Finkenauer Takes Endometriosis Battle Public, Pushes For More Funding

By Elizabeth Meyer

March 6, 2020

Iowa Congresswoman Abby Finkenauer opened up publicly for the first time Thursday about her decade-plus struggle with endometriosis and how she wants to use her voice as a U.S. representative to elevate awareness of the disease and increase federal resources to combat it.

Finkenauer, 31, told USA Today how she recently was bent over in pain and “googling hysterectomies” as a possible avenue to be rid of the incurable condition.

Thursday afternoon on the House floor, the 1st District congresswoman said she was fortunate to be diagnosed with endometriosis at 18, given that many women face pushback when they describe the debilitating abdominal pain.

“It was a pain familiar to me, stabbing in my lower left abdomen, a tight pain like two fists clenched together in a vice grip in my lower back,” Finkenauer said, describing a recent bout with the disease.

According to the Endometriosis Foundation of America, about one in 10 women in the U.S. live with endometriosis and it affects an estimated 200 million women worldwide. The disease occurs when tissue grows outside the uterus and causes inflammation at the time of a woman’s menstrual cycle.

The foundation estimates women suffer seven to 10 years before receiving an accurate diagnosis. For women ages 30 to 34, endometriosis is the leading cause of hysterectomy.

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Finkenauer said she already has undergone two surgeries to remove the abnormal tissue, but those measures are only temporary.

“It shouldn’t be this hard,” Finkenauer said. “It should be more well-known and there should more options for treatment.”

The frustration she felt while searching the internet led her to find that endometriosis is “one of least funded diseases and conditions in Congress by the National Institute of Health.”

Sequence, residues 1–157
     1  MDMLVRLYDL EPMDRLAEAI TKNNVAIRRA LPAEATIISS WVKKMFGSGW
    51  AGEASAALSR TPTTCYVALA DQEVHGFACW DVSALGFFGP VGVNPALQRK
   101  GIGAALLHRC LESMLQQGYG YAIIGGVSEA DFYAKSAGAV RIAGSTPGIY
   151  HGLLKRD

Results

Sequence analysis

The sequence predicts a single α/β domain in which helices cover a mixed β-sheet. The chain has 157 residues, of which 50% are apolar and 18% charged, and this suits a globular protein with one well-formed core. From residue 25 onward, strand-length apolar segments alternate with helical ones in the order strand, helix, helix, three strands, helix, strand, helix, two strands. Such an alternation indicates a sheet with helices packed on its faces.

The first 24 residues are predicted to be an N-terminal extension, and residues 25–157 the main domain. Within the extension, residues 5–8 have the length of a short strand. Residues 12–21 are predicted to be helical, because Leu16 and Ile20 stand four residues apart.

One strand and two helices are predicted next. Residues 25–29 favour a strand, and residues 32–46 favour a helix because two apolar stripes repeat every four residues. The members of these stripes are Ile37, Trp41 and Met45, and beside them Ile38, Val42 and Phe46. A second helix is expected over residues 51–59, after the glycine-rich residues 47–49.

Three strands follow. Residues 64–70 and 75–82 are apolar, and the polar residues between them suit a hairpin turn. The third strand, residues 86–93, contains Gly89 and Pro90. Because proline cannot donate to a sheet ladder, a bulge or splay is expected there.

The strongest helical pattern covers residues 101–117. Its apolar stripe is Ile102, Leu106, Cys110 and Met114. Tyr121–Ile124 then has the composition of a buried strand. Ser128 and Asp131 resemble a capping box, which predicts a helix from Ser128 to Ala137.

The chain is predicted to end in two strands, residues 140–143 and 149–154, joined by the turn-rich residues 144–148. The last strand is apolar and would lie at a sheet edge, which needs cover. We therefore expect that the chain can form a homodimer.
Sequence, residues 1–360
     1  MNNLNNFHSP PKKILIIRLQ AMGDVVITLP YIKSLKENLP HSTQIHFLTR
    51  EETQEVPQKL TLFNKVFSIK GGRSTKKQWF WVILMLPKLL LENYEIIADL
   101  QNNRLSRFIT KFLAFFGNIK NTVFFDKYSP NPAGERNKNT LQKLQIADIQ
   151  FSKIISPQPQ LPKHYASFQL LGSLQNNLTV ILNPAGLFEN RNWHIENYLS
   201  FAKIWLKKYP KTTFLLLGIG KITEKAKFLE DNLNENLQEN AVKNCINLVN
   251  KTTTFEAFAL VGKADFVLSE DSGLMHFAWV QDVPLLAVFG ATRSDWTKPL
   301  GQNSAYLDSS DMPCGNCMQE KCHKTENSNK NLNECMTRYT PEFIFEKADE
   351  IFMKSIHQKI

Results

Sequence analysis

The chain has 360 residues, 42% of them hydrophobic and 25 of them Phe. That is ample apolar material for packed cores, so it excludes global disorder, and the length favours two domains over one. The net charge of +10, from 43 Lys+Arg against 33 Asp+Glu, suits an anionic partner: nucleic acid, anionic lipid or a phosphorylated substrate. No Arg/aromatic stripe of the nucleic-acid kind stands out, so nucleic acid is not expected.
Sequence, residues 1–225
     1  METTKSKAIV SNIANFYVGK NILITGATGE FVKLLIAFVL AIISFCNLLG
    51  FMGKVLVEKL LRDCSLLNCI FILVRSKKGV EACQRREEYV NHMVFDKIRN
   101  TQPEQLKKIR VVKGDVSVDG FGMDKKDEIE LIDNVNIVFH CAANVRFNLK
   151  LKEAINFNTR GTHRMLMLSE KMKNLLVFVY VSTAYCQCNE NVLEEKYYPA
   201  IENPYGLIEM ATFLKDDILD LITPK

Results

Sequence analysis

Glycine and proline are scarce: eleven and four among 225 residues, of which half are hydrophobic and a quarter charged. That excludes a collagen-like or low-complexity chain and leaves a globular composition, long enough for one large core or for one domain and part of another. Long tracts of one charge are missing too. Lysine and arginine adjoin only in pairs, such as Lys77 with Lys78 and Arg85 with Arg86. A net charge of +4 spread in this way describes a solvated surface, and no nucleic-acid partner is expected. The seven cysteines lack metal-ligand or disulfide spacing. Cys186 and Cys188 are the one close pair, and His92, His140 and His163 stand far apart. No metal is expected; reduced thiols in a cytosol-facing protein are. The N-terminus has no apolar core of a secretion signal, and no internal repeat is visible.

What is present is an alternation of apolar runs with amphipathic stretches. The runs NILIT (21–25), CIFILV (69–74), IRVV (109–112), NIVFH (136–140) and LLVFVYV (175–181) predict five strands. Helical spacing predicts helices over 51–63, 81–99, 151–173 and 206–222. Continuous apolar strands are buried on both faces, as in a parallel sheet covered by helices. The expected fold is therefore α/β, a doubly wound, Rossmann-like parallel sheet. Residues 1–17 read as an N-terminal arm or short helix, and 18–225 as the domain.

In response, Finkenauer has formed the first House Endometriosis Caucus to seek more federal research funding to find new treatments and potential cures.

Republican Congresswoman Jenniffer Gonzalez-Colon of Puerto Rico will co-chair the new caucus.

“Women with this diagnosis frequently experience severe symptoms due to inflammation and pelvic pain, which requires frequent medical attention and at times surgery,” said Gonzalez-Colon, in a statement. “Therefore, it is important to highlight the importance of regular medical attention and research.”

In all, the bipartisan caucus is comprised of 28 members, including fellow Iowa Congresswoman Cindy Axne.

Though Finkenauer dealt with the condition throughout her time in the Iowa Legislature and now in Congress, she used to be hesitant about speaking up for fear it would diminish her abilities in the eyes of others.

“I, to be honest with you, didn’t say anything for years because I was afraid that people would think I was weak, that I couldn’t do my job,” Finkenauer said. “But that’s not true. I show up everyday. I’ve done it for the last decade. I’ve represented my state and my district well, and it’s not weak to talk about it. In fact, the women who are living with it everyday, they are strong as heck.”


By Elizabeth Meyer
Posted 3/6/20



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